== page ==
Syllabus / Legal & Finance 101

How to stay on budget


Why do renovation projects go over budget?

The answer can vary case-by-case, but often it’ll be due to the “upsell trap” — once you start renovating your home, you get excited by the possibilities and sobered by the fact that you’re making decisions about fixtures, tiles, etc. that you’ll have to live with for years to come. So whenever you see a slightly nicer (and pricier) backsplash tile or fixture, you wind up doing a cost-benefit analysis (if I spend another $10 a tile, and I’ll enjoy this kitchen for 10 years, then it’s really less than $10 over time…) and opting for the more expensive tile.

Unfortunately, these incremental costs add up. And if you don’t have a good system for managing and tracking change orders, you can easily lose track of just how far over budget you’re going.

This type of chronic over-budget-ness isn’t the fault of your contractor, or of poor planning – it’s more a function of how home remodeling is less of a “finished product” and more of a “manufactured product”. If you go to buy a pair of shoes, they’re there in the store, already made, and they cost what they cost. But if you were having shoes custom-made, you would likely choose to make tweaks and changes that would result in a higher price. Think of your home like a pair of custom-made shoes.


How to control your budget

So what can you do to combat the rising tide of extra costs? The most obvious answer is to create a budget and stick to it as best you can. If you don’t at least have a starting point for the amount you’d like to spend, it’s easy to go over budget. In the average remodel, there are perhaps 100 items that you could custom-tweak and improve – if you go down the “improvement” rabbit hole with even half of them, you could easily exceed your initial budget.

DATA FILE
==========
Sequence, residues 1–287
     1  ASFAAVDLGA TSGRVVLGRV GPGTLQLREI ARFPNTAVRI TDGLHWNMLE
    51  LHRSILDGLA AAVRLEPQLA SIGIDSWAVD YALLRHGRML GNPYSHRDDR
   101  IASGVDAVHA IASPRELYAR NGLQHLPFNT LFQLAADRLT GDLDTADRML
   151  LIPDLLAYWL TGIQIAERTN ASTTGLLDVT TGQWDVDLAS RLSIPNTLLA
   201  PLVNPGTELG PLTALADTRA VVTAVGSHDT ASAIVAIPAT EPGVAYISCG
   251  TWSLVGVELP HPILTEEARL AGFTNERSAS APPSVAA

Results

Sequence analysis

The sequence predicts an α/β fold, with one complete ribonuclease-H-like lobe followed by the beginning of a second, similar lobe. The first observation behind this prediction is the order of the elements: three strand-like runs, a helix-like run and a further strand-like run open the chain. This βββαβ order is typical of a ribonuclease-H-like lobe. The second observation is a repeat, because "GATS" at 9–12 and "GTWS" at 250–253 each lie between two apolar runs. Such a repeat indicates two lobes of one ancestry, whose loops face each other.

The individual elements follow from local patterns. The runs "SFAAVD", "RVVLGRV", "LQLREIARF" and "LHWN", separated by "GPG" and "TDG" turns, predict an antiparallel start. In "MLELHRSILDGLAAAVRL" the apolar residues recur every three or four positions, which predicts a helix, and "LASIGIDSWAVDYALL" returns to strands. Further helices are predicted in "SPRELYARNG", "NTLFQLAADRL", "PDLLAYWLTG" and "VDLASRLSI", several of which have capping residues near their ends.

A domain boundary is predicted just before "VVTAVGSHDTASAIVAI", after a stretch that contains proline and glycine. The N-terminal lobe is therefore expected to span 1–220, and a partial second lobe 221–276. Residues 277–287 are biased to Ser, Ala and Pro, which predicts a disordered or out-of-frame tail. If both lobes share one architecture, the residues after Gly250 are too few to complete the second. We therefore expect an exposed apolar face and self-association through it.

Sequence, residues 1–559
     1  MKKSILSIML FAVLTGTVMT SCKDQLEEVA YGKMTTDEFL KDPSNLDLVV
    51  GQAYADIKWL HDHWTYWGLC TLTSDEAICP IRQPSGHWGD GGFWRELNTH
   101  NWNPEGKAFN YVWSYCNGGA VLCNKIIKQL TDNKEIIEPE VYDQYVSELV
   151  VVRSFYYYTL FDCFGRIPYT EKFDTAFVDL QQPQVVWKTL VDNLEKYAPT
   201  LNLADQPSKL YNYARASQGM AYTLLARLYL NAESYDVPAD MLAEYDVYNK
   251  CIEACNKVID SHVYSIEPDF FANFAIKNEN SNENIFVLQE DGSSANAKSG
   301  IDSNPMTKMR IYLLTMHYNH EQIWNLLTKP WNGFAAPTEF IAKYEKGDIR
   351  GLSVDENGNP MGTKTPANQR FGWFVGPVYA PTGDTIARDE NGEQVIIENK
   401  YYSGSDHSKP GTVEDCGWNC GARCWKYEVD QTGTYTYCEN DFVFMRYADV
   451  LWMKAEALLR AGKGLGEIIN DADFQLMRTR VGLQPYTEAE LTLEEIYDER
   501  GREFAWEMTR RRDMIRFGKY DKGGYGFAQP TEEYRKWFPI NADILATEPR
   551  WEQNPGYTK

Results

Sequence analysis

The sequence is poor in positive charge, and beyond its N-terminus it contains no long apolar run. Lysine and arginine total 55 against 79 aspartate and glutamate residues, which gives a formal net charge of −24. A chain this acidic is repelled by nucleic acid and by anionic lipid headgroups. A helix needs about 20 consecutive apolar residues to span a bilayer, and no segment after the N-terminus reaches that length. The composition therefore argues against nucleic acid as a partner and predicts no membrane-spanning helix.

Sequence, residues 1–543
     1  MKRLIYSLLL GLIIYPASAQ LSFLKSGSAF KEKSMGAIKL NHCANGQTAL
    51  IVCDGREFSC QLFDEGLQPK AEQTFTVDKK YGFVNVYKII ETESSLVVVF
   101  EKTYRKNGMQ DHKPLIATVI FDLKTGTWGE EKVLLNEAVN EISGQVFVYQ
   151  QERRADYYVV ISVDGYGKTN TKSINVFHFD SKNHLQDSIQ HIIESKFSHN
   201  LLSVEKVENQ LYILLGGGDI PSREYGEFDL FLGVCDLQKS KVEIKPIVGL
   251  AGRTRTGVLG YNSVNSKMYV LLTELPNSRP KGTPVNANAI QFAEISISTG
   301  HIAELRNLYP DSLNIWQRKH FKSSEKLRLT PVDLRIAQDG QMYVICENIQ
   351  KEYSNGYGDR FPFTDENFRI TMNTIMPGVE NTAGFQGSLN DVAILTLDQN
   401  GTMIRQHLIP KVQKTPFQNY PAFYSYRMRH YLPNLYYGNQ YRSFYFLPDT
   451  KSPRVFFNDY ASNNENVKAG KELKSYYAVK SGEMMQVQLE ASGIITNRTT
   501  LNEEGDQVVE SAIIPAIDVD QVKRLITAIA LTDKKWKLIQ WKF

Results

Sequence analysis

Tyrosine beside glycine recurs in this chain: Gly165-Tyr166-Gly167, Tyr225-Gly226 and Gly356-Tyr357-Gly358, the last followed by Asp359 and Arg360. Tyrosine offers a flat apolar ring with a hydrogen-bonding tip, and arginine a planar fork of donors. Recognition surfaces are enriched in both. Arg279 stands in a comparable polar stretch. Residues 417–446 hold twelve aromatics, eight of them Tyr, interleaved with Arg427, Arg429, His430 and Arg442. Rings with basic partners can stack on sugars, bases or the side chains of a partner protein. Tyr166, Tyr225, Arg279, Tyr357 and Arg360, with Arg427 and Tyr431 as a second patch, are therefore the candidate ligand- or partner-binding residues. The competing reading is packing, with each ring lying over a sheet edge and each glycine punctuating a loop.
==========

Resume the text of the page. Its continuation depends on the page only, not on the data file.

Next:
Another key step is to manage your change orders. A change order means more than just signing a piece of paper and paying a bit more for different tiles — if you keep changing your mind, it also means time wasted sourcing the materials, as well as money spent buying, storing, and then returning the originals. When you shop for shoes and return them, it costs you nothing. But with renovation, there may be tearing out existing tile and ordering new materials, plus storage and administration – in other words, the actual process of changing your mind is costing you money.

Lastly, avoid scope creep – the result of accepting a bid that isn’t properly detailed and planned out. If you choose a bid from a contractor that lacks detail and clear planning (but it was the lowest bid you got), then chances are high that you’re going to end up paying more and more as decisions get made on the fly. Because this method is so inefficient (and unnecessarily costly), it’s usually better to go with the contractor that has provided the most detailed and accurate bid, even if he handed you a higher price.

Also, keep in mind that the money you’re spending now may not guarantee you a higher resale price. If you install expensive, ultra-customized fixtures and fittings and your buyer doesn’t share your taste, you could wind up pulling out all those gorgeous fuchsia floor tiles when you sell.



This post is intended for informational purposes only and is general in nature as it does not take into account your personal renovation situation. You should really consider whether the information is appropriate to your needs, and where appropriate, seek professional advice from a licensed architect, general contractor or financial / legal adviser.